The hypergeometric differential equation

$$\frac {d^2 f} {d z^2}+ \left( {\frac {1 - \alpha - \alpha'} {z - a} + \frac {1 - \beta - \beta'} {z - b} + \frac {1 - \gamma - \gamma'} {z - c} } \right) \frac {d f} {d z} +\left(\frac{\alpha \alpha^{\prime}(a-b)(a-c)}{z-a}+\frac{\beta \beta^{\prime}(b-c)(b-a)}{z-b}+\frac{\gamma \gamma^{\prime}(c-a)(c-b)}{z-c}\right) \frac{f}{(z-a)(z-b)(z-c)} = 0$$

contains the constants $\alpha, \alpha', \beta, \beta', \gamma, \gamma'$.

I have often heard said constants referred to as "exponents" of the hypergeometric differential equation.

What exactly does this mean? I think I have gathered that near the point $z=a$, as the equation is a second-order differential equation, the two solutions should behave like $e^{\alpha}$, $e^{\alpha'}$, similarly at $b, c$, but I may be misunderstanding this.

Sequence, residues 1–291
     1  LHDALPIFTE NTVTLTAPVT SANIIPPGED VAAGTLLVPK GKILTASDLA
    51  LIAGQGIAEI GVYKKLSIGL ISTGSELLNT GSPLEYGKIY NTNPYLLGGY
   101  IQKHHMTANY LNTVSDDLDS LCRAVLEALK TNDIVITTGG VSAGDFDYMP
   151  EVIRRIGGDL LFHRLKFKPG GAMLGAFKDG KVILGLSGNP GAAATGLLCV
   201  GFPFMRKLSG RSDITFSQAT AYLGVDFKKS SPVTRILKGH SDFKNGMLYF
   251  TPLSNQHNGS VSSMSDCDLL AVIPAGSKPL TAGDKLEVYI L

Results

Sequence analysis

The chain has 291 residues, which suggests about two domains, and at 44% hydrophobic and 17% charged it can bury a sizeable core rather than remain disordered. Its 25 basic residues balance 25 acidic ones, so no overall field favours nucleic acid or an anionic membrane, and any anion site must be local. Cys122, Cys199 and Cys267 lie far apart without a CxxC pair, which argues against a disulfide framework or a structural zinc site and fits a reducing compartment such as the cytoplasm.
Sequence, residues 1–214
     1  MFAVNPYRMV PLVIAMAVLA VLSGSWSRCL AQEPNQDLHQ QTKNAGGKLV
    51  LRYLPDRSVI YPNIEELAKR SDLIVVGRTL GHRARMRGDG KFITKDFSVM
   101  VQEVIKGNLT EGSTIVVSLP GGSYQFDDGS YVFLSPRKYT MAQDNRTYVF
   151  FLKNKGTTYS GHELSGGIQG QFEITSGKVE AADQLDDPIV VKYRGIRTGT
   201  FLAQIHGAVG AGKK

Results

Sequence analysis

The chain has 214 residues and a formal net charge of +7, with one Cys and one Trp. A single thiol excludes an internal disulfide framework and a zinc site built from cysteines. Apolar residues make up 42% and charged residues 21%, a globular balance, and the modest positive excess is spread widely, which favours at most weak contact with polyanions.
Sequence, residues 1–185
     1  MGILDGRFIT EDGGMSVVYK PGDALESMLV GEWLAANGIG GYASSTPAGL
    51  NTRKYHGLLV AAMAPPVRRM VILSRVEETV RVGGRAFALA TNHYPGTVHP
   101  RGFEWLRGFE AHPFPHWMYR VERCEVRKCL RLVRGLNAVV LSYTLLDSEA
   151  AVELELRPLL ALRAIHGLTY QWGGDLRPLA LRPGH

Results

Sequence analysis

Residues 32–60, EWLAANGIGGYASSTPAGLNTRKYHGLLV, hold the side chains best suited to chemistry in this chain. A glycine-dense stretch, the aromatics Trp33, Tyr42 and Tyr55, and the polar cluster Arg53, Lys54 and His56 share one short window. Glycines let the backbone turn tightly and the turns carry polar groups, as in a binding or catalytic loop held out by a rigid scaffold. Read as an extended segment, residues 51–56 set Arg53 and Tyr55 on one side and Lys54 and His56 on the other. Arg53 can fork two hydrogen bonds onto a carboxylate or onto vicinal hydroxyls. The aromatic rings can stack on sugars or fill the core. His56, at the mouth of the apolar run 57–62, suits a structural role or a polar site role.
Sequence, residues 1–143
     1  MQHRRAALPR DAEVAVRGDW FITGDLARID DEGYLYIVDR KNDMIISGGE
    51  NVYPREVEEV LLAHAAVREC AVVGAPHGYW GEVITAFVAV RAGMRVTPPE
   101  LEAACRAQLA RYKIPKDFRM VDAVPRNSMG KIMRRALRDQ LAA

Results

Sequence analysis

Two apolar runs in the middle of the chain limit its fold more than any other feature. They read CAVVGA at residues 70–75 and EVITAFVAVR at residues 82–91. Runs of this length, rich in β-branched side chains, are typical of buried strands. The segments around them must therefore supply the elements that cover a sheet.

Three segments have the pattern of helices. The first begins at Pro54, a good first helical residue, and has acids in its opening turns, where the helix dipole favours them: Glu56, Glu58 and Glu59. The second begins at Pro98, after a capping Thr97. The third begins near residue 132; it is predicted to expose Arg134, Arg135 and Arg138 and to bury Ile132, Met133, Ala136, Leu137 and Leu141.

What is the correct interpretation of the term "exponent", here to describe these quantities? How can we show these exponents arise?

  • $\begingroup$ What you call "hypergeometric differential equation" is in fact Riemann's differential equation. You will find the answer to your question in the link. $\endgroup$
    – Gonçalo
    May 15 at 15:00


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